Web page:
13705 - Sociology of Sustainable Development Modulübersicht

Module Number: 13705
Module Title:Sociology of Sustainable Development
  Soziologie der nachhaltigen Entwicklung
Department: Faculty 5 - Business, Law and Social Sciences
Responsible Staff Member:
  • Prof. Dr. phil. Jaeger-Erben, Melanie
Language of Teaching / Examination:English
Duration:1 semester
Frequency of Offer: Every summer semester
Credits: 6
Learning Outcome:Students overview sociological approaches, theories and research topics in the context of sustainable development. After completing the module, they will have a sound knowledge on various approaches of social-ecological transformation and will be able to critically discuss current concepts such as the Anthropocene, Green Growth or Circular Economy. They have expertise in the reception and presentation of scientific texts.
Contents:Sustainable development promises to meet human needs of present and future generations while maintaining the integrity and stability of natural systems. However, this concept has been criticised on various grounds. Some argue that more fundamental changes are required to solve the multiple, accelerating crises of our times. Under the umbrella term ‘socio-ecological transformation’, scholars discuss various political, socio-economic, socio-technical and cultural changes aimed at responding appropriately to the socio-ecological crisis. This module critically engages with current sustainability debates from a sociological perspective, thereby discussing concepts such as Green Growth, Degrowth, Circular Economy or the Anthropocene. It explores how we can move to a society and economy in which human needs are met within planetary boundaries.
Recommended Prerequisites:41421: Introduction to Environmental and Resource Management II
Mandatory Prerequisites:None
Forms of Teaching and Proportion:
  • Exercise / 2 Hours per Week per Semester
  • Seminar / 2 Hours per Week per Semester
  • Self organised studies / 120 Hours
Teaching Materials and Literature:
  • Eisenmenger et al. (2020). The Sustainable Development Goals prioritize economic growth over sustainable resource use: a citrical refection onthe SDGs from a socio-ecological perspective. Sustainability Science, 15:1101-1110.
  • Haberl, H. et al. (2011). A Socio-metabolic Transition towards Sustainability? Challenges for Another Great Transformation. Sustainable Development 19, 1-14
  • Gough, I., 2017. Recomposing consumption: defining necessities for sustainable and equitable well-being. Phil. Trans. R. Soc. A. 375, 20160379.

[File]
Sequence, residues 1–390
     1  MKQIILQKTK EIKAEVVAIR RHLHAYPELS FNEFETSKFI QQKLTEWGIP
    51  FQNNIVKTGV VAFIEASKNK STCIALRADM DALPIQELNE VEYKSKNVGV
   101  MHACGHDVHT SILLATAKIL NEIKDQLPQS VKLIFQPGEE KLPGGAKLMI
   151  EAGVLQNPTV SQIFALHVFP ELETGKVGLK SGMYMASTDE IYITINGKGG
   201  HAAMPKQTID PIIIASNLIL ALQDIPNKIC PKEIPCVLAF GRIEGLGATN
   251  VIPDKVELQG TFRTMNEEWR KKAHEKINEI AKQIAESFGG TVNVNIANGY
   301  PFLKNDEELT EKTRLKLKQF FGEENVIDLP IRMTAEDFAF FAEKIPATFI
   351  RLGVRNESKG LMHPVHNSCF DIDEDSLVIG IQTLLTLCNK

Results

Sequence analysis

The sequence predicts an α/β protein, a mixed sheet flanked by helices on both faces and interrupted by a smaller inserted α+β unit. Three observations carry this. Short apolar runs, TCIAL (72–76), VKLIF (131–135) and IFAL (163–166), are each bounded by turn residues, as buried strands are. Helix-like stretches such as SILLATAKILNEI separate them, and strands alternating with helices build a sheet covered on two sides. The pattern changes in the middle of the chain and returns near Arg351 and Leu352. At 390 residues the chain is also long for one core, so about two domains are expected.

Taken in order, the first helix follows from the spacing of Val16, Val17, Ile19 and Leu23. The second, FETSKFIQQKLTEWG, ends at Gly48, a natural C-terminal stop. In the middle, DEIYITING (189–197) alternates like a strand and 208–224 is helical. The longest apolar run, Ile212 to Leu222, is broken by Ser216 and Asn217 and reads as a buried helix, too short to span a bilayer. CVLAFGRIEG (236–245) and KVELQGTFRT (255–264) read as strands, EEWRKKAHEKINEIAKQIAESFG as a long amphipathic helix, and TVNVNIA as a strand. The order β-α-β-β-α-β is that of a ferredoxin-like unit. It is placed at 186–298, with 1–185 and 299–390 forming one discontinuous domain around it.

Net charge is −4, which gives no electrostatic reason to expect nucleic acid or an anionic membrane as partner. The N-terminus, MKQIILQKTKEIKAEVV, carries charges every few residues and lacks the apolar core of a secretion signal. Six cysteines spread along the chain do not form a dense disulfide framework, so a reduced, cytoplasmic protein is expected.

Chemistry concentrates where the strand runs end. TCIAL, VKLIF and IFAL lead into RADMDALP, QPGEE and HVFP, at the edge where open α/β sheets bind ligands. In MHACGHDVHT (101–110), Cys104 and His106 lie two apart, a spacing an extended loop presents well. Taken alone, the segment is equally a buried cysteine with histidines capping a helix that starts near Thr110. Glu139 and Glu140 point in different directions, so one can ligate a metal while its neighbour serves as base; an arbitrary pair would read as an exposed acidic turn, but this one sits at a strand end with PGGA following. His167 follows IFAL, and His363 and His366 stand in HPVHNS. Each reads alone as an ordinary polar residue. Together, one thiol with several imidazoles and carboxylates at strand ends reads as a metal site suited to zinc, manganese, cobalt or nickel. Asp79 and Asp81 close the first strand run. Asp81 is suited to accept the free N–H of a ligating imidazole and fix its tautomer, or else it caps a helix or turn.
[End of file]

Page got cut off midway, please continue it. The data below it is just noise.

• Hickel, J., Kallis, G., 2020. Is Green Growth Possible? New Political Economy 25, 469–486.
  • Malm, A., Hornborg, A., 2014. The geology of mankind? A critique of the Anthropocene narrative. The Anthropocene Review 1, 62–69.
Further literature will be announced in the module.
Module Examination:Continuous Assessment (MCA)
Assessment Mode for Module Examination:
  • Reading assignments, 1.500-2000 words (20%)
  • Reflections on sessions, 1.500-2000 words (20%)
  • Pecha Kucha presentation, (7 Min.) oder Podcast (20Min.) (30%)
  • Written Test (multiple choice, 30 Min.) (30%)
Evaluation of Module Examination:Performance Verification – graded
Limited Number of Participants:None
Part of the Study Programme:
  • Abschluss im Ausland / Architektur / keine PO
  • Abschluss im Ausland / Betriebswirtschaftslehre / keine PO
  • Master (research-oriented) / Environmental and Resource Management / PO 2011 - 2. SÄ 2017
  • Master (research-oriented) - Double Degree / Environmental and Resource Management / PO 2021
  • Master (research-oriented) / Environmental and Resource Management / PO 2021
  • Master (research-oriented) / Kultur und Technik / PO 2017
  • Master (research-oriented) / Stadt- und Regionalplanung / PO 2023
  • Master (research-oriented) / Transformation Studies / PO 2024
 This module has been approved for the general studies.
Module Components:
  • Exercise: Research and methods of a Sociology of Sustainability - 2 Hours per Week per Semester
  • Seminar: Theories of Social-Ecological Transformation - 2 Hours per Week per Semester
Components to be offered in the Current Semester:
  • no assignment